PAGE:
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Monday, August 2, 2021

News briefs: World Bank expects recession in Latin America due to COVID-19

The coronavirus pandemic has impacted daily life in Costa Rica, which has declared a State of Emergency and enacted sweeping measures to slow its spread.

Here’s what you need to know today:

World Bank predicts Latin American recession

The World Bank predicted that the effects of the global crisis caused by COVID-19 will plunge Latin America into a recession with a contraction of regional GDP of 4.6% in 2020.

The economic forecast is compounded by meager growth in previous years, protests in 2019 and a fall in oil prices.

“A growth return of 2.6% is expected for 2021,” the World Bank estimated in a statement released Sunday.

It warned that this year there will be a recession in the main economies in the region, with a contraction of 5% in Brazil, 6% in Mexico and 5.2% in Argentina.

The blow will also be felt in Colombia, where GDP will is predicted to fall 2%; in Chile, where the contraction will be 3%; and in Peru, with a fall of 4.7%.

“The governments of Latin America and the Caribbean face the enormous challenge of protecting lives and at the same time limiting economic impacts,” said Martín Rama, the World Bank’s chief economist for Latin America and the Caribbean.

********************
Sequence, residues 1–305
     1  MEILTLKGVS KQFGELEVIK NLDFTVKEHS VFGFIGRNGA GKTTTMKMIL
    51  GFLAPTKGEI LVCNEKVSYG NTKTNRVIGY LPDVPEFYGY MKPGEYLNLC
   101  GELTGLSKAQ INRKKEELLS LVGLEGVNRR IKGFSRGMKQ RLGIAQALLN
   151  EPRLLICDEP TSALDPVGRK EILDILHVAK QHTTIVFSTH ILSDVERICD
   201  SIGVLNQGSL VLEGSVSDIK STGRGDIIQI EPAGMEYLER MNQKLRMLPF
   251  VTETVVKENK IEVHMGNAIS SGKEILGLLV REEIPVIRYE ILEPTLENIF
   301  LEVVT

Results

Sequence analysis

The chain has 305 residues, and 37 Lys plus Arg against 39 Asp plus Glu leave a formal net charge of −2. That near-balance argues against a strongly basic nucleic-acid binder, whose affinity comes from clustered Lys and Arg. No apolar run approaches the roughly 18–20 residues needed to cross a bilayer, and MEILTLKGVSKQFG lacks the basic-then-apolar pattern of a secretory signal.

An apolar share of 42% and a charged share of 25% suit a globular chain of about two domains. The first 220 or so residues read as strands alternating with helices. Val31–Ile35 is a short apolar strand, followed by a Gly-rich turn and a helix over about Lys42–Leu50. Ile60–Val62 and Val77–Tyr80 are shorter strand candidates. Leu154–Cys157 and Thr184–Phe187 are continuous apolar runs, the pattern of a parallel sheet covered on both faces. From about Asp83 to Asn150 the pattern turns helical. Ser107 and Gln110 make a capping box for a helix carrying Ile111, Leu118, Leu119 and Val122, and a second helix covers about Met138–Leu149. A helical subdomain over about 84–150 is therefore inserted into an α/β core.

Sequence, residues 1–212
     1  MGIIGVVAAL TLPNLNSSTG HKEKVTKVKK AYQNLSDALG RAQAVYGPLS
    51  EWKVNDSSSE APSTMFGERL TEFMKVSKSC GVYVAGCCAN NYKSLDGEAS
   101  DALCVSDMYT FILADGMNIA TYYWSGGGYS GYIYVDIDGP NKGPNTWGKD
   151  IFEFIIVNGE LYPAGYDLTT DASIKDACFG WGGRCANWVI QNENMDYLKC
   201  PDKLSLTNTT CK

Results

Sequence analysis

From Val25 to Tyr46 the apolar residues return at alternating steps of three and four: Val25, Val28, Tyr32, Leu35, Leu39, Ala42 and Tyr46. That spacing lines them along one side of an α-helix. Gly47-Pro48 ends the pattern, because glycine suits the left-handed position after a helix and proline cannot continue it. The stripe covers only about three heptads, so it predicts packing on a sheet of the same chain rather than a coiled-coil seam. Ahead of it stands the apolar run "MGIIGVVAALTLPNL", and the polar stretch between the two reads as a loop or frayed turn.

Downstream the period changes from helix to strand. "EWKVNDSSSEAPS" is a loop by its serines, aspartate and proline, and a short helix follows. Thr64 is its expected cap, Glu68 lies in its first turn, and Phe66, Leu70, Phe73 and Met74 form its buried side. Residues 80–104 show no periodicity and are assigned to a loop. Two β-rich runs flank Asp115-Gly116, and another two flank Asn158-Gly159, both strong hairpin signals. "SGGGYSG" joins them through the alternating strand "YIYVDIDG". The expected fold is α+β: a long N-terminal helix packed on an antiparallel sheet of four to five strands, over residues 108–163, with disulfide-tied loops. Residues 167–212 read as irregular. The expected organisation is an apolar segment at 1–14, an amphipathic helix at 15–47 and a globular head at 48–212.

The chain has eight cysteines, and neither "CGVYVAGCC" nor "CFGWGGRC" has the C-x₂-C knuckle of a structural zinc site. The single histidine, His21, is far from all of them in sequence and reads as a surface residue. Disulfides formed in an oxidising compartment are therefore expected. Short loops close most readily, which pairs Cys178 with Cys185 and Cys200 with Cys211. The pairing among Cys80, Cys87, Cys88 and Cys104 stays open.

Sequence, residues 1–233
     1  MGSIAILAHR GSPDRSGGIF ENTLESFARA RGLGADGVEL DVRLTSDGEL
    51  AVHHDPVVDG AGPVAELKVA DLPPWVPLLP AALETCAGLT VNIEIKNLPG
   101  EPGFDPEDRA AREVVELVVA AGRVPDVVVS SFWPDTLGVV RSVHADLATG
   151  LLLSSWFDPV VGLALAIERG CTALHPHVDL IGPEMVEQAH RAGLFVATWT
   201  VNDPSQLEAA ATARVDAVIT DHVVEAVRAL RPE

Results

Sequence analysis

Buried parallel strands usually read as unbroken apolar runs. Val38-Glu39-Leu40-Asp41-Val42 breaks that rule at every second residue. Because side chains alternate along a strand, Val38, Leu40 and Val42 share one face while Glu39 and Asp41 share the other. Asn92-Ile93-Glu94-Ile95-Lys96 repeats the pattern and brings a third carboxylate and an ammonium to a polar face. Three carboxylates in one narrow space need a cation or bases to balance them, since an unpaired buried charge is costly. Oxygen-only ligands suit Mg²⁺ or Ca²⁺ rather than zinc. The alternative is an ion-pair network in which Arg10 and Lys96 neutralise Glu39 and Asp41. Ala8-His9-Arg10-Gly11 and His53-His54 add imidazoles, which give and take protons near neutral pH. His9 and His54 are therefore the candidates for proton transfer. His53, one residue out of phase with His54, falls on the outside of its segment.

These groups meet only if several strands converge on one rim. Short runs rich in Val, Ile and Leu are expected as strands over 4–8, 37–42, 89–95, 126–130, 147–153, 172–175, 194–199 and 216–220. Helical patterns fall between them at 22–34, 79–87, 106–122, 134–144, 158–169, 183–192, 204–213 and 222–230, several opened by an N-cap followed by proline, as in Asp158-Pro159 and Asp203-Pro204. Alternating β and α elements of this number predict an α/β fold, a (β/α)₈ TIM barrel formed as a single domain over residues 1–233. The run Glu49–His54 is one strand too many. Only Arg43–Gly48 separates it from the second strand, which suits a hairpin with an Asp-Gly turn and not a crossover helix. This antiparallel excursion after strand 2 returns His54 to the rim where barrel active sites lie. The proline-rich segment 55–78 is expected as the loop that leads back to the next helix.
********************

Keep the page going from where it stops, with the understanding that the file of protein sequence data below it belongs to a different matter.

Rama summarized the situation as “dire” and noted that a response will require “targeted and consistent policies on a scale rarely seen before.”

In Central America, Costa Rica — whose economy was in relatively good health — will have an expected economic contraction of 3.3% this year; Nicaragua will deepen its crisis with a 4.3% drop in GDP; and Honduras could fall into crisis with a 2.3% retraction.

This section was adapted from an AFP story by Ariela Navarro. 

Canadian government offers financial support

Canadian citizens living abroad can apply for an emergency loan to facilitate their return to Canada and to cover basic essential needs, the country’s government has announced.

The repayable loan is meant for Canadians who “have no available source of funds to return home.”

To apply, Canadian citizens should contact their nearest Government of Canada Office. Contact information for the Embassy of Canada in San José is available here.

Air Canada has suspended flights to Juan Santamaría International Airport (SJO) near San José until at least April 30, while Air Transat and WestJet have suspended operations to Costa Rica until further notice, according to the airport.

Second U.S. repatriation flight offered

The April 17 repatriation flight from Costa Rica to Houston is sold out, according to the U.S. Embassy.

However, the Embassy indicated Tuesday that it has coordinated with United Airlines to offer a flight on Monday, April 20. The flight will depart Juan Santamaría International Airport (SJO) at 12:00 p.m. and arrive in Houston (IAH) at 4:46 p.m. 

Payment and booking should be completed with United Airlines.

Costa Rican citizens can book the flight from IAH to SJO via United Airlines and should contact the airline’s regional office for assistance if needed.

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